At a Glance …
Born on June 20, 1987, in Detroit, MI; daughter of Rev. J. Drew Sheard (a minister), and Karen Clark Sheard (a gospel vocalist); granddaughter of Mattie Moss Clark (noted gospel choir director and arranger). Education: Attended Wayne State University, Detroit; major in entertainment law. Religion: Church of God in Christ.
Greater Emmanuel Institutional Church of God in Christ, Detroit, performer, 1993-; recording debut (duet with Karen Clark Sheard on "The Will of God"), 1997; EMI Gospel, label artist, 2003(?)-.
Stellar Awards, best children's performance, for "The Will of God", 1997, contemporary female vocalist of the year, 2006; Dove Award, urban recorded song of the year, for "You Don't Know", 2005; Grammy nomination, best contemporary R&B gospel album, for This Is Me, 2006.
Label—EMI Christian Music Group, P.O. Box 5085, Brentwood, TN 37024-5085.
Sheard was riding high in the gospel world in 2006 and 2007. This Is Me duplicated the No. 1 chart performance of its predecessor and crossed over to the upper levels of general Christian music, R&B, and pop charts. Sheard toured Japan, where her recordings, especially the single "Let's Go," had become popular—a groundbreaking feat for an African-American gospel performer. Despite her international celebrity, however, Sheard kept a low profile. Strangers seldom identified her as she took classes at Wayne State, working on a major in entertainment law so that she would be able to keep better control over her own career and remain connected with the music industry, perhaps starting a recording company, in the future. Meanwhile, This Is Me won a Grammy award nomination for Best Contemporary R&B Gospel Album, and Sheard performed on the Stellar Awards television broadcast in 2007. "I kind of feel like I don't deserve to be where I am," Sheard told Carter. "I don't deserve to be rewarded. I don't deserve to be nominated for a Grammy. I want to be rewarded for living a life that God is pleased with. That is my motivation."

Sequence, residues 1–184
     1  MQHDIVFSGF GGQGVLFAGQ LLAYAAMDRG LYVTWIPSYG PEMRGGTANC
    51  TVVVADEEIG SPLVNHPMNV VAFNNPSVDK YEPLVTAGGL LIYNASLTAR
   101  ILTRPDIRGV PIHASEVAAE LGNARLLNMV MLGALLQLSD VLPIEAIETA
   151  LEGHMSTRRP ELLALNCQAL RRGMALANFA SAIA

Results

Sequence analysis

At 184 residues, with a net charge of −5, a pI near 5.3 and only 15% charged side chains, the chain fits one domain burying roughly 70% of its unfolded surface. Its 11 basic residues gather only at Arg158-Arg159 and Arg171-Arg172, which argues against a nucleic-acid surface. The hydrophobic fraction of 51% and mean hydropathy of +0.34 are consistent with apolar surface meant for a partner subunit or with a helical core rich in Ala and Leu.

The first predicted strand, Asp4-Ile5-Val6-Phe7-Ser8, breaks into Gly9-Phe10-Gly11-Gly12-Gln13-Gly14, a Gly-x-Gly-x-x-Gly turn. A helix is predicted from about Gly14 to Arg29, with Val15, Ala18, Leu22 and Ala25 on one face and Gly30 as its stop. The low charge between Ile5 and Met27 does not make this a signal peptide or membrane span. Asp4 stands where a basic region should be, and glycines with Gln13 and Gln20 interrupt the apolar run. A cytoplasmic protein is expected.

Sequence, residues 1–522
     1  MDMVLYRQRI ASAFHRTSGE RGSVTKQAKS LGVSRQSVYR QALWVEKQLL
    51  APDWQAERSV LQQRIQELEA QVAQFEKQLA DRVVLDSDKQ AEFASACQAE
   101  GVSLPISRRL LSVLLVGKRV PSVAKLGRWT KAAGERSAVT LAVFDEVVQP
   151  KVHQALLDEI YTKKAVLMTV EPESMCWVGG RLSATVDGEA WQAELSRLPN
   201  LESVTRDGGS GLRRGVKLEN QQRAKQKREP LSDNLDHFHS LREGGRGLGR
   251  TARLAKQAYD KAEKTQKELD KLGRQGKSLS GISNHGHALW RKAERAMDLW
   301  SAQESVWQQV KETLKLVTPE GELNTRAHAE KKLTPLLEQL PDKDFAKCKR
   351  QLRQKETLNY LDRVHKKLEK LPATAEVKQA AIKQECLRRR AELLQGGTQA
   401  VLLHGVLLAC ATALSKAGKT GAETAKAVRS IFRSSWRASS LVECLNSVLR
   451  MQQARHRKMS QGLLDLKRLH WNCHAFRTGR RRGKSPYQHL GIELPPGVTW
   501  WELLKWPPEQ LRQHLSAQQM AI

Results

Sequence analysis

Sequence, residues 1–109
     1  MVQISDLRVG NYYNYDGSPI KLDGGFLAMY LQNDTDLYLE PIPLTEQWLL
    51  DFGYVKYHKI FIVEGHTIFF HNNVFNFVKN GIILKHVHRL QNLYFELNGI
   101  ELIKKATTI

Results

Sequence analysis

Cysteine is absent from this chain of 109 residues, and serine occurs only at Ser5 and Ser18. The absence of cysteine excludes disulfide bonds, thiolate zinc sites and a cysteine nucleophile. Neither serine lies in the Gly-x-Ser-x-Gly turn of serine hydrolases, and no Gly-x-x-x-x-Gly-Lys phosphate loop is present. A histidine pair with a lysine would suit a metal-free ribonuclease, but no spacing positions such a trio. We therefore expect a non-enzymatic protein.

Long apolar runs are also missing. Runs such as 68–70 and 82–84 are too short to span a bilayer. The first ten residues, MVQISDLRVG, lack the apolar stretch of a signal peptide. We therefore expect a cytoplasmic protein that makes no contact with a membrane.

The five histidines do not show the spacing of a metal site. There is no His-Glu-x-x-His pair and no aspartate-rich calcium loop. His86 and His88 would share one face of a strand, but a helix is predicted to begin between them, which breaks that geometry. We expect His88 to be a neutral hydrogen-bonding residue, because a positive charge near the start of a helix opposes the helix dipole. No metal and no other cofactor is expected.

I Owe You, EMI Gospel, 2004.
Just Until …, EMI Gospel, 2005.
This Is Me, EMI Gospel, 2006.
Detroit Free Press, January 21, 2007.
Essence, December 2004, p. 130.
Jet, January 31, 2005, p. 65.
"Kierra ‘Kiki’ Sheard," BlackGospel,www.blackgospel.com/interviews/kierrakikisheard.htm (April 15, 2007).
"Kierra ‘Kiki’ Sheard," Christian Music Today,www.christianitytoday.com/music/artists/kierrasheard.html (April 15, 2007).
"This Is She," GOSPELflava.com, www.gospelflava.com/articles/kierrainterview2006.html (April 15, 2007).
"Sheard, Kierra." Contemporary Black Biography. . Encyclopedia.com. (January 17, 2019). https://www.encyclopedia.com/education/news-wires-white-papers-and-books/sheard-kierra
"Sheard, Kierra." Contemporary Black Biography. . Retrieved January 17, 2019 from Encyclopedia.com: https://www.encyclopedia.com/education/news-wires-white-papers-and-books/sheard-kierra